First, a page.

It is actually quite difficult to write or edit for a living. Don’t get me wrong, I know I am not rocket scientist or neurosurgeon saving lives, so don’t feel sorry for me! It is just so often difficult knowing how much time a task or job will take me. I genuinely love what I do, but what the last 9 months (eek…where did that time go?!) has taught me, is that I could spend hours on each and every one of my jobs. I care about every task a client has commissioned me to do and, therefore, I always want to give it ‘one last check’, ‘one last edit’ or ‘one last re-working’. I find it incredibly hard to finalise a piece, let it go and send it back to a client. I think this is because, in most cases, the more time you spend on writing the better it becomes. The reality is that we can’t go on forever editing and making changes – it doesn’t make sense – financially or creatively – however, please don’t underestimate the importance of giving time to your written work.
How much time?
When I talk about ‘spending time’ on a project, quite a bit of this time is actually me doing nothing to it (don’t worry I don’t charge my clients for that bit!!!). This is the important element of allowing some ‘space’ between what I have edited or written and when I go back and look at it again. If it is something I have written from scratch, I like to leave at least a day, if not two! As I have said before in a number of blog posts, it is soooo difficult to proofread your own work. You read what you WANT to see, not what is actually in front of you. Allowing some time between writing and re-reading, at least makes the writing ‘fresh and new’ again, to an extent.
Different tasks; different days
With some projects, I add in an initial step of writing only notes or ideas down first. I do this a lot with my blog posts. I write some key points around a topic on one day, write it up another day, check and edit it on another day and then proofread it and post it on another day (usually a Thursday, you’ll notice!).
I know a lot of you may feel you don’t have 4 days to give over to writing something for your business, but let me reassure you that each of those tasks, though done on separate days, takes a relatively small amount of time. I actually believe it takes less time doing the individual elements on different days, than if I tried to do it all in one go. Writing notes and then going straight in to writing it up would probably mean I would miss more things. Also, when I come to the editing stage, I would need to add in those forgotten things and I believe my proofreading would be less than adequate. I would be tired and too familiar with the words in front of me to read them critically and identify mistakes.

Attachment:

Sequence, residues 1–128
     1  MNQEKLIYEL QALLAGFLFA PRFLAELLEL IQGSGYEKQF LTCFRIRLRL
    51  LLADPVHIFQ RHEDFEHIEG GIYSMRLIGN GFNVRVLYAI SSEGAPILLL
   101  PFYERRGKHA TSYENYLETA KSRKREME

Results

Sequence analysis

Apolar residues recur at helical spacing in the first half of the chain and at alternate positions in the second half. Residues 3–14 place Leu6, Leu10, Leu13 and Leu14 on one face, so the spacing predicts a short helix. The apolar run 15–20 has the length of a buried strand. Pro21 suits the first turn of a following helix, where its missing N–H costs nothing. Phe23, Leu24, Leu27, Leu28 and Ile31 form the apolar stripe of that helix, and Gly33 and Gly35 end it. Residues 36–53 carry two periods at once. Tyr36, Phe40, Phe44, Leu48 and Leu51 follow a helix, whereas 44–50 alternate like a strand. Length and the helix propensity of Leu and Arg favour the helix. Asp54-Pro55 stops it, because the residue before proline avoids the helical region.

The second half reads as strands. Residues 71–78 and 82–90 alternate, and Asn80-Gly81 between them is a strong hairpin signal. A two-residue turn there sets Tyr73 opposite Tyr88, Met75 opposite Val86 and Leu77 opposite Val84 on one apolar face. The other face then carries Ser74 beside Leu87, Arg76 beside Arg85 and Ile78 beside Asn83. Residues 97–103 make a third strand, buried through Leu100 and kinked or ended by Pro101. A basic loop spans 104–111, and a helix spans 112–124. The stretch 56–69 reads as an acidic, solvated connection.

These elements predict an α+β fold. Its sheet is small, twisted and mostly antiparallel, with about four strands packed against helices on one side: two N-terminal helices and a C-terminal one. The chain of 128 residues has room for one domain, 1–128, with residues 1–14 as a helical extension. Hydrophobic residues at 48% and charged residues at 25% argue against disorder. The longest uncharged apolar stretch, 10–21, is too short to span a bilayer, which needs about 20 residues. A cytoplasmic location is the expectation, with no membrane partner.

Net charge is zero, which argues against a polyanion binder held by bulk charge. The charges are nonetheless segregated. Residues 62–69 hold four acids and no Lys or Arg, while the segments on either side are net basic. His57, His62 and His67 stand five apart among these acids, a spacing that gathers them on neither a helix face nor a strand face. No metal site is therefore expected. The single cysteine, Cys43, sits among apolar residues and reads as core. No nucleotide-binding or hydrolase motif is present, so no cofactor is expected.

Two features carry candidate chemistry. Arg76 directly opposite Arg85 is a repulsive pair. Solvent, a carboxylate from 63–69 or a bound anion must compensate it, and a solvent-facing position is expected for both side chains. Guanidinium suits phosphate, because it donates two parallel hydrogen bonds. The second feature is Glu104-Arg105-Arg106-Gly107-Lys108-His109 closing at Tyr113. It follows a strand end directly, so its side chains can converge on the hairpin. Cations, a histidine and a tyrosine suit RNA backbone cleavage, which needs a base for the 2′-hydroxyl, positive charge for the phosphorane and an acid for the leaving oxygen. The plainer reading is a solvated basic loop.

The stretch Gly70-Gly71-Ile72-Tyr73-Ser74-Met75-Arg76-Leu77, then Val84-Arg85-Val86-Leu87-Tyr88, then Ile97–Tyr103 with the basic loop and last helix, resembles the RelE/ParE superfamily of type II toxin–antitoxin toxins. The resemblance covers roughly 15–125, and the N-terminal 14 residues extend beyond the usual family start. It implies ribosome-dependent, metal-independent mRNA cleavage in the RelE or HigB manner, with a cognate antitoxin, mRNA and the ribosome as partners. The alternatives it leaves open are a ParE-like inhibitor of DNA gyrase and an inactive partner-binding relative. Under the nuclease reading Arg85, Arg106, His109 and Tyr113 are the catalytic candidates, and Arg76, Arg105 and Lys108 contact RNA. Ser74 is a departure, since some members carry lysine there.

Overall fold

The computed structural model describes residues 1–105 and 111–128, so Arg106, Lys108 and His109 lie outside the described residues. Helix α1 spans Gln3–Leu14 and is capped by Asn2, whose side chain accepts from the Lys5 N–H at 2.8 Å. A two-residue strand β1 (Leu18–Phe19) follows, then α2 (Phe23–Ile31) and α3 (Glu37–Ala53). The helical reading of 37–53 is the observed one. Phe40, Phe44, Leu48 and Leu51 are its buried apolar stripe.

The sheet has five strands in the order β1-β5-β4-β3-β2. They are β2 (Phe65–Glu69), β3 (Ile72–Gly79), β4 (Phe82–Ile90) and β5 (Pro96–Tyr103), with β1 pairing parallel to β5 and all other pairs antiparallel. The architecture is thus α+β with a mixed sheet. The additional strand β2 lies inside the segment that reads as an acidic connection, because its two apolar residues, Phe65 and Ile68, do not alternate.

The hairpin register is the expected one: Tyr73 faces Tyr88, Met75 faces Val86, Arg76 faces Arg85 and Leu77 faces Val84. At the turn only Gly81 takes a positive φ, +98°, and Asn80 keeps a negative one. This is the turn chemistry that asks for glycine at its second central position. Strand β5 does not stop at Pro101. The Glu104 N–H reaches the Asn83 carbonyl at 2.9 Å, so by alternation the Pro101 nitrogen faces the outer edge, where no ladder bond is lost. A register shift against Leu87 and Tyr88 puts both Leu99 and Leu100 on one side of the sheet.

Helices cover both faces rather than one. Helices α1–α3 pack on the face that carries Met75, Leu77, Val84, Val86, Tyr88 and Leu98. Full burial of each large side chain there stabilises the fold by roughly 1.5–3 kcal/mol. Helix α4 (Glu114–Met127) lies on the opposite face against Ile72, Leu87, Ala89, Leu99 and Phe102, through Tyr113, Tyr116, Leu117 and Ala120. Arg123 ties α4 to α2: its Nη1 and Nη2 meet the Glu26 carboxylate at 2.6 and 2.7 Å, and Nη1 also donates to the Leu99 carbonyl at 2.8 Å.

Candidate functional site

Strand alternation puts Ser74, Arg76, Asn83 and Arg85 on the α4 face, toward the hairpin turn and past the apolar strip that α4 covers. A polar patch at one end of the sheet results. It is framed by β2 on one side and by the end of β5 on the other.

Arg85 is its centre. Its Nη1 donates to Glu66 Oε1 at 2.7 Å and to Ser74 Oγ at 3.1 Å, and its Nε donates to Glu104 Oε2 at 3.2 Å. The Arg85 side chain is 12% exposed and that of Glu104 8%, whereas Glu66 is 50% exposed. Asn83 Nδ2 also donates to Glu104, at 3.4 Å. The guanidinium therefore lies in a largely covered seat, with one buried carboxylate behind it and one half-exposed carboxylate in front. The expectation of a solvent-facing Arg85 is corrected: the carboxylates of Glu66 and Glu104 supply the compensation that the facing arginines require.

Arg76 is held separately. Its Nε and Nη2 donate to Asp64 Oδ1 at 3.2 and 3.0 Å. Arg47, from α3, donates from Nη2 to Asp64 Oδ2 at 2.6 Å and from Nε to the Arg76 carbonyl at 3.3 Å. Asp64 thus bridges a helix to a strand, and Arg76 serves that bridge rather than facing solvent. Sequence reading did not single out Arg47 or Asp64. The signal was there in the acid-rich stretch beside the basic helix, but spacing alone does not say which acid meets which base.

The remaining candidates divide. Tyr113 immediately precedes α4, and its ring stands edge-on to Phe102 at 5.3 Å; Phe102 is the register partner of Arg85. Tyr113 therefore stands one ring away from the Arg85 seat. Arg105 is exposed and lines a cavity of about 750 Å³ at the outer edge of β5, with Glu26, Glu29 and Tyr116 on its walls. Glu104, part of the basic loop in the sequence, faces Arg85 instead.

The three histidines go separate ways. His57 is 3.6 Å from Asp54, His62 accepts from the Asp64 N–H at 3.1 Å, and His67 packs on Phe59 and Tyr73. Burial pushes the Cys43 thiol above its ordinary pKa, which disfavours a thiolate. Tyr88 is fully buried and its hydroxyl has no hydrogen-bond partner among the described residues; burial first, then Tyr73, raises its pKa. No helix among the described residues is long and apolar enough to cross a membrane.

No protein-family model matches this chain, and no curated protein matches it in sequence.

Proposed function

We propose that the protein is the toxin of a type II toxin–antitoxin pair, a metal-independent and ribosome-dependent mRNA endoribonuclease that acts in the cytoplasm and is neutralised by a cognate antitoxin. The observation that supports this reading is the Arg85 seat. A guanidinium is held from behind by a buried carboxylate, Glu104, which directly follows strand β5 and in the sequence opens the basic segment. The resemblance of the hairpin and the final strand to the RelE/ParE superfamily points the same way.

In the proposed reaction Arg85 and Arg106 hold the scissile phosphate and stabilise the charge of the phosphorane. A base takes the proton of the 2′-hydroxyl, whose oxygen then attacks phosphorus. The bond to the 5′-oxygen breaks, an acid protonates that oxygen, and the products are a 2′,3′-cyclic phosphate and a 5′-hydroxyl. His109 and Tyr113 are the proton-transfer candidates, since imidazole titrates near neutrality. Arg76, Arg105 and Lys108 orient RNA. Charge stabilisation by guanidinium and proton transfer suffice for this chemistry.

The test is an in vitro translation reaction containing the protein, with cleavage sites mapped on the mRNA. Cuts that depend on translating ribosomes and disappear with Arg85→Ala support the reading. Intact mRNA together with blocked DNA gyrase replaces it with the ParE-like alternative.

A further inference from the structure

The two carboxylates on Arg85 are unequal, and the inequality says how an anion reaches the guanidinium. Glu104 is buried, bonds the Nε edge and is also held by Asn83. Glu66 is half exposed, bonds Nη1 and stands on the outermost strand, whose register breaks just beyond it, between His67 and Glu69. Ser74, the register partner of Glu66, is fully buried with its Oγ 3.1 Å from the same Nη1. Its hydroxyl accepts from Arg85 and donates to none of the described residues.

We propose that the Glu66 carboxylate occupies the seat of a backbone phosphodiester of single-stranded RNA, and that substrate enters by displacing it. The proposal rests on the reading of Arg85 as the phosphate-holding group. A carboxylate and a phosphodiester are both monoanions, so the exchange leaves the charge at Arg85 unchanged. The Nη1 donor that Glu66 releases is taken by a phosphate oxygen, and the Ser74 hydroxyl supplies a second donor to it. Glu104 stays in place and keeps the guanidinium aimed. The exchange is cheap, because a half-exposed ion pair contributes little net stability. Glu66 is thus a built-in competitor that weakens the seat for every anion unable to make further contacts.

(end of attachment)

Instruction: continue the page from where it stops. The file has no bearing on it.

The other advantage to breaking down a writing task in to chunks like those described above, is that hopefully it doesn’t seem so daunting. At the writing stage, I always feel reassured that I have another day (and chance) to rework what I am writing, so it doesn’t matter if it’s not perfect. If I am tired or rushing the writing stage, again I don’t worry and try to ensure when I am editing I’ll have a bit more time (or have had a bit more sleep!). I highlight areas I am not happy with but I don’t get stuck or bogged down, I just keep writing.
Words matter; choose carefully*
Word really do matter and taking the time to select them carefully is very important when writing. Whether it is a short Facebook post or the copy for your homepage, it is worth giving it your time and attention. It is worth checking the overall sense right down to the individual words. Make sure they are the right ones for your business and your brand. Are they truly conveying the message you want to communicate? Could you change a word to help improve the message, objective or goal of what you are writing? Can you choose more carefully?
Write well…give it your time and attention x
* As some of you may have seen, I have recently changed my cover photo on Facebook to include this quote. I love it … although after all of my years learning about copyright I feel incredibly uncomfortable not to be able to credit or reference it. If anyone knows who it is by or where it comes from, please let me know!